Enter “buy cytotec online cheap” into Google’s search engine and the first four results are sites that illegally offer to ship the abortion pills without a prescription.
Despite the Supreme Court’s ruling last month that gave states the right to ban the procedure, it’s still possible to get abortion medication, even in states where it’s restricted, through telemedicine or by traveling across state lines. But the patchwork of state rules is nonetheless fertile ground for scammers looking to make money off desperate abortion patients who don’t know how to navigate them.
The bad actors pose a public health threat that’s likely to grow now that eight states have banned abortion and another four have restricted it to the first six weeks of pregnancy, public health experts told POLITICO. While patients might get real pills, rogue online pharmacies sometimes sell counterfeit or expired drugs, don’t fill orders, or steal credit card numbers. And the government is ill-positioned to stop them. The FDA, which tracks all drugs going to pharmacies, lacks the subpoena powers that would help reveal who’s behind websites so they can be taken offline.
Google says it’s usually not able to determine when sites are breaking the law, but will remove them from search results when the government asks.
Cytotec, the name-brand version of misoprostol, is an FDA-approved prescription drug for treating stomach ulcers. It is also one of two pills used to end a pregnancy. According to a statement from drugmaker Pfizer, Cytotec is a target for counterfeiters.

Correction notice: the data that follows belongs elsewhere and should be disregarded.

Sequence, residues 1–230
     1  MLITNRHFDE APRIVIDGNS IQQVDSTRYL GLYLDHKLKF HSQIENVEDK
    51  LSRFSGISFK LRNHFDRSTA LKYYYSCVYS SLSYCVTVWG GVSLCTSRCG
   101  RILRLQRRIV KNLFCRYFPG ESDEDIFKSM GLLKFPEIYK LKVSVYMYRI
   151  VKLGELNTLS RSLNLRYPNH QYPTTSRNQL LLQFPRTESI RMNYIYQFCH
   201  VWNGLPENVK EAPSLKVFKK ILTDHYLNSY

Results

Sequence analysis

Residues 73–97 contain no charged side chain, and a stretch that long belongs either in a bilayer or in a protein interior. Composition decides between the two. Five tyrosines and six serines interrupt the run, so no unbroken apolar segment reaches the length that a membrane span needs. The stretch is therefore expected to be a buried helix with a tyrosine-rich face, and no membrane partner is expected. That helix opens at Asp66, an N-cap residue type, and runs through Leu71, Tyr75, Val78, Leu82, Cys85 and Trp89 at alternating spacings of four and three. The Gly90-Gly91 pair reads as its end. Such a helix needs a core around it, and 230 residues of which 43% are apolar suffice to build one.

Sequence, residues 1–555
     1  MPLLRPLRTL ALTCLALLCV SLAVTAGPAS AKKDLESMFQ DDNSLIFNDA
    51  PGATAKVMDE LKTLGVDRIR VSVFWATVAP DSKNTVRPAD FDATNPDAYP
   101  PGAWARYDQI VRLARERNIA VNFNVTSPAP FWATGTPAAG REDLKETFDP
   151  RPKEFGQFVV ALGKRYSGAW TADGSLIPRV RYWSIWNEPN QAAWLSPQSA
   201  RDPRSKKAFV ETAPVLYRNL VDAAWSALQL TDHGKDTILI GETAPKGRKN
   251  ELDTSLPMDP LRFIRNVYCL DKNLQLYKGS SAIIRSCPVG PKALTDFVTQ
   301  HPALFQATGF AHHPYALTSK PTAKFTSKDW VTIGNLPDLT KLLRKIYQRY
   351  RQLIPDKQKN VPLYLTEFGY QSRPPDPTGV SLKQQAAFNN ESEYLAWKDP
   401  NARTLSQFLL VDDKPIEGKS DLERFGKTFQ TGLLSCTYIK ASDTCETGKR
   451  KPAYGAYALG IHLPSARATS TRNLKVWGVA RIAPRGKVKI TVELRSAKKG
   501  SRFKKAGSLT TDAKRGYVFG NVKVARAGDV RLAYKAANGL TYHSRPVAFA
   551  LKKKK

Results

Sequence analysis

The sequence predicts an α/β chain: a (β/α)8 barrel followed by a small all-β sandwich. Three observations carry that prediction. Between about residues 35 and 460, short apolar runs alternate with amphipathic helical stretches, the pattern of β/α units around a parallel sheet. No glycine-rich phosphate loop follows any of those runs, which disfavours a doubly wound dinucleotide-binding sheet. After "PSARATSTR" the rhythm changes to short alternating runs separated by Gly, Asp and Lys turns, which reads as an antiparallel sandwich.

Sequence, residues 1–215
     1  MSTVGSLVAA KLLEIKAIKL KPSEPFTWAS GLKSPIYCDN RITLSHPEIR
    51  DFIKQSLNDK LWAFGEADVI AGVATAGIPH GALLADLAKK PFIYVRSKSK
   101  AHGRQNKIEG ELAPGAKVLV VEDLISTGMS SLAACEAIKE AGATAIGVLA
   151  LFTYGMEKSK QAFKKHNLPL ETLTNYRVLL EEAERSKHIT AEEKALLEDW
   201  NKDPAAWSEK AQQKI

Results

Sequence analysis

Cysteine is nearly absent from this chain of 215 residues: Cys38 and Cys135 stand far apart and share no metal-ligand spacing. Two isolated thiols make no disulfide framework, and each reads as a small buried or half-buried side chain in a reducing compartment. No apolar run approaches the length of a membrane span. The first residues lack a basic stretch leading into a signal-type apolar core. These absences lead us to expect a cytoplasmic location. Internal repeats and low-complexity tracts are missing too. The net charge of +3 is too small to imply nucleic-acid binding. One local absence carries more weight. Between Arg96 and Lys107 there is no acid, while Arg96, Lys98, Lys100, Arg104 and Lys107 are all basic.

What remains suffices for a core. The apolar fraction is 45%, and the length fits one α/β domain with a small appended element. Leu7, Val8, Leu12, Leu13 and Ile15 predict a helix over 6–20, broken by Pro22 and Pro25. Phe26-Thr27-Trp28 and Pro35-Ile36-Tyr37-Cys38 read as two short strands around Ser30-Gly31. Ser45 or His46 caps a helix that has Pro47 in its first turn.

Though there are legitimate telemedicine operations and online pharmacies helping connect people online in states that limit abortion, they sometimes have difficulty promoting their services. Illicit pharmacies, meanwhile, are adept at circumventing Google’s rules and rising to the top of search results.
Price is also an issue. Rogue sites are selling Cytotec for roughly $4 per pill, a little under the typical cost per Drugs.com, a New Zealand firm that tracks prices. More than half of abortions in the United States are already induced by medication, according to the Guttmacher Institute, a research group that supports abortion rights. That share will likely rise following the Supreme Court’s decision, providing a huge market to exploit.
Online searches for medication abortion skyrocketed after POLITICO published the Supreme Court draft opinion that preceded the overturning of Roe v. Wade.
What they find is often labyrinthine. Of the roughly 35,000 online pharmacies worldwide, 95 percent operate illegally, according to the National Association of Boards of Pharmacy.
The FDA’s criminal investigators are responsible for going after illegal pharmacies and counterfeit drug operations. It’s a tough assignment. Online, drug dealers can hide their tracks and disappear in an instant. Additionally, the office doesn’t have the necessary enforcement tools to take down sites, especially when dealing with uncooperative domain registrars.
“You could register a domain name anonymously from anywhere in the world and offer pretty much anything you want on it — and good luck trying to shut down that site, because you don’t know who’s operating it,” said Baney of the Alliance for Safe Online Pharmacies.
Full story at Politico.